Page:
London has fewer acute beds per head of population than Newcastle, Greater Manchester, Liverpool, Sheffield and Leeds. The United Kingdom has fewer acute beds per head of population than Germany, France, Belgium, the Netherlands, Ireland and Spain. Paris and Rome have 50 per cent. more beds per head of population than London, and Berlin has twice as many. However, the Government are absolutely obsessed by their false assumption that there are too many beds. As a result, 16 hospitals face a serious risk of closure. They include Guy's, Bart's, the Queen Elizabeth in Hackney, Oldchurch and many others.

There are no longer continuing care beds for the elderly in areas such as Bromley. There are just six in Kingston, and virtually no provision in Greenwich, Harrow, Hounslow and many other parts of London. The choice for many of those elderly Londoners is to struggle alone at home or be forced into private nursing homes, some of which are unmonitored and might well be dangerous. What a way to treat the generation which won the war for this country.

It is not just a question of over-bedding. I want now to consider the allocation of health resources.

Mr. Bernard Jenkin (Colchester, North): I note the hon. Gentleman's admiration for the Italian health service in Rome. I hope that he will not take us in that direction. I speak for an Essex constituency. The hon. Gentleman has compared the number of beds per head of population, but Essex also has big social problems, such as a heavy preponderance of elderly people. We are miles behind

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because of the London effect, which displaces resources to the centre away from the surrounding home counties. What is the hon. Gentleman's solution to that?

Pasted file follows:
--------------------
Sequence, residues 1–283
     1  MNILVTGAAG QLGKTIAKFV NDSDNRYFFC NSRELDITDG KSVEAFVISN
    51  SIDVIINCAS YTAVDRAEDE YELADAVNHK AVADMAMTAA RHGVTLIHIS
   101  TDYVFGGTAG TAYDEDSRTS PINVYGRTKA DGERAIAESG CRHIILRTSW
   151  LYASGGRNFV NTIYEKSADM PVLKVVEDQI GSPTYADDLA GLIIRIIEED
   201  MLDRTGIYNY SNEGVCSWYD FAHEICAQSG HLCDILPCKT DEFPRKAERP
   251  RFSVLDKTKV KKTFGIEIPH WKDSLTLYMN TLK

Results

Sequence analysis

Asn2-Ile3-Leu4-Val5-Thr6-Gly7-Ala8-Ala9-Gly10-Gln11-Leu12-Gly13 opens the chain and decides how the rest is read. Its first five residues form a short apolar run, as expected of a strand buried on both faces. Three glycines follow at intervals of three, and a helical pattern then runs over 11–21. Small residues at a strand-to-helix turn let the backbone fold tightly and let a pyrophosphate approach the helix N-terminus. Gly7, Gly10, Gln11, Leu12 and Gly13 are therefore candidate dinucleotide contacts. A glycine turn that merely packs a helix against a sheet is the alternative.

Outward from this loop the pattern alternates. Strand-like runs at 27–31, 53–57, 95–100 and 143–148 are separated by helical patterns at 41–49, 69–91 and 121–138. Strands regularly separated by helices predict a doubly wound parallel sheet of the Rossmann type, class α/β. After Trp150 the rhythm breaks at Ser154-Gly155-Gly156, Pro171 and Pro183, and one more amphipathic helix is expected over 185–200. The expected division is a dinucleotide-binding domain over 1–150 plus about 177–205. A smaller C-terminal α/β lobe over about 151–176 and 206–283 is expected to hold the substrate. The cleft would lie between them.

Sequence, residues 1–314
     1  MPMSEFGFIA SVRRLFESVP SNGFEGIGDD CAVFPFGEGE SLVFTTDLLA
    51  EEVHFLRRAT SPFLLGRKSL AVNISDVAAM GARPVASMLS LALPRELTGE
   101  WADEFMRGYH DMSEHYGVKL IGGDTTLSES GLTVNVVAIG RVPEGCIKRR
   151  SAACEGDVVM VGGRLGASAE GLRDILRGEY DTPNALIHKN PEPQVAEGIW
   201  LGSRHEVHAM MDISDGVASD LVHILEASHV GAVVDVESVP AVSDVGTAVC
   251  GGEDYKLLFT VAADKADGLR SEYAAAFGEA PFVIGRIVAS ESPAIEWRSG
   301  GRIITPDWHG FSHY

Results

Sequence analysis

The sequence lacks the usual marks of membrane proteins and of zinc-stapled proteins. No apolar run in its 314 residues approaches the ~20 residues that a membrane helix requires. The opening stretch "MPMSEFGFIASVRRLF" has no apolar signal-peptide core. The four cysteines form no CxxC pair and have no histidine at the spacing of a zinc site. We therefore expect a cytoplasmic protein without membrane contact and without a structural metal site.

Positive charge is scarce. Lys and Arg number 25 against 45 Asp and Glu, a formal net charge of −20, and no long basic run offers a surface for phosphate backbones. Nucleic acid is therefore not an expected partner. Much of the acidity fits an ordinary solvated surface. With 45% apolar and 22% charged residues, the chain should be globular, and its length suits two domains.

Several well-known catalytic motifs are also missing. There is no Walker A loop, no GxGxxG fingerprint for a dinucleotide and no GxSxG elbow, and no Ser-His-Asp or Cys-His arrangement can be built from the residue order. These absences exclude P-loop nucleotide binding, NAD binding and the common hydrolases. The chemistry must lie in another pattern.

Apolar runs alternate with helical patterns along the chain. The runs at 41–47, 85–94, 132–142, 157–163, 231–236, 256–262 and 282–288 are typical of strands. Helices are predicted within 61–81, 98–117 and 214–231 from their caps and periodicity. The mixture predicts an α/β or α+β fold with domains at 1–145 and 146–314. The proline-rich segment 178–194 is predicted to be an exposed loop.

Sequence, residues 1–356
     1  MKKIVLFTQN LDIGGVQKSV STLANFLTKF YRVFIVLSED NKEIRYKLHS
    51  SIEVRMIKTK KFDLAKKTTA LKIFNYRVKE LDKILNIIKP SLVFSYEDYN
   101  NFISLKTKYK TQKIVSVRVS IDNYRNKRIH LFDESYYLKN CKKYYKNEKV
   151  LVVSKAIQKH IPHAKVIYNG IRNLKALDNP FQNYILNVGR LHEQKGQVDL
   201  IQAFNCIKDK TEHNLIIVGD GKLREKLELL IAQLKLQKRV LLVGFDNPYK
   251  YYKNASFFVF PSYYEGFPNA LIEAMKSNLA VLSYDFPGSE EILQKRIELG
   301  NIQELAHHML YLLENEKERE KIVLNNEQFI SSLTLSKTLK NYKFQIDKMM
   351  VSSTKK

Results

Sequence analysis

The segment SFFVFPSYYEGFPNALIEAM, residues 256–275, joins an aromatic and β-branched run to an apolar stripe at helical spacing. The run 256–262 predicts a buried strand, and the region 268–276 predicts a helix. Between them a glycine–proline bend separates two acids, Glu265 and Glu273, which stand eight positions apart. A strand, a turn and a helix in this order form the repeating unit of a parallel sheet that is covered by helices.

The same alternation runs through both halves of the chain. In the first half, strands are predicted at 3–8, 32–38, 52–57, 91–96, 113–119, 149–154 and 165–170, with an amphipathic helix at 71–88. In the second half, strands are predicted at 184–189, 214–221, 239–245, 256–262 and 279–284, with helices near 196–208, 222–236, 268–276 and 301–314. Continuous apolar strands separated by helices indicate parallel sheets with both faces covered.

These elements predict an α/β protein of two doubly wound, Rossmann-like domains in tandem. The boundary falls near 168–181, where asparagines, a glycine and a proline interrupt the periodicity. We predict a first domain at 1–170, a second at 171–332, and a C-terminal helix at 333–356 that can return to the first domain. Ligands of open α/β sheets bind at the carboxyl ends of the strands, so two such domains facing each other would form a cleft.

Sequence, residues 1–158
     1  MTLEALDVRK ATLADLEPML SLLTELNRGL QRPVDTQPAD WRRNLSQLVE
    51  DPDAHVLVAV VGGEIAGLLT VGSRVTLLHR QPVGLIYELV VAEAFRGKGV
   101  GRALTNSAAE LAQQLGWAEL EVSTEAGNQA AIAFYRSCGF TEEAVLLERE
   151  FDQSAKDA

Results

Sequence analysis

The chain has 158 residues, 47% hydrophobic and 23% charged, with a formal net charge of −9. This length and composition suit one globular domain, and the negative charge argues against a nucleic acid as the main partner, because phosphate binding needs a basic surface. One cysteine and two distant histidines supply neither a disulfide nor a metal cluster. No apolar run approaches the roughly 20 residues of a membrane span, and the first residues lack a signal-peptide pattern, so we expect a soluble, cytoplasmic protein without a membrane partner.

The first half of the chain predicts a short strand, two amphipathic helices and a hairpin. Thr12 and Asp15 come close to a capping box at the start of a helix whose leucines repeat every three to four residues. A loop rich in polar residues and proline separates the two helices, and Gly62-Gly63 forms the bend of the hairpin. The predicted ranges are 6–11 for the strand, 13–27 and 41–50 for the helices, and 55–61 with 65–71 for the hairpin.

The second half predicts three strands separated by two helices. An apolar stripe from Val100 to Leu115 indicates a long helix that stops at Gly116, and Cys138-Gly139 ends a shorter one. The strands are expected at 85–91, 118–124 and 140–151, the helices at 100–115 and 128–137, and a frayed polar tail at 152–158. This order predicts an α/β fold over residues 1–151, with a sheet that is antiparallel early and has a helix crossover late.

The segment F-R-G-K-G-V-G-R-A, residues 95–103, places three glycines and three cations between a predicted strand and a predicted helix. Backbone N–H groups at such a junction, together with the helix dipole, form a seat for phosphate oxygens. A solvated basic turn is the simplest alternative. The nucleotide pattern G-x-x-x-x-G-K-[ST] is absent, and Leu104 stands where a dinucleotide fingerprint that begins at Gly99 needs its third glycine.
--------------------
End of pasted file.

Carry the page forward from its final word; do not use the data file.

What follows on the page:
Mr. Cohen: That is not true. I do not really want to jump ahead of my speech, but I will do so now, to inform the hon. Gentleman that waiting lists in Essex have increased by 30 per cent. under this Government. That gives the lie to the hon. Gentleman's argument. The Government have the false assumption that there are too many beds in London. As I have explained, that simply is not true, and the Government should reverse their attitude in that respect. There is also not an over-allocation of health resources to London. London has 15 per cent. of the English population, but its share of NHS hospital spending is a fraction over 15 per cent. this year. However, within that is the provision for special needs to which I have referred, London weighting and the higher cost of the teaching hospitals. London is not overfunded. The King's Fund Research Institute, which Conservative Members do not like now that it is producing this kind of information, has said:

"instead of losing £17 million, London should gain an extra £200 million."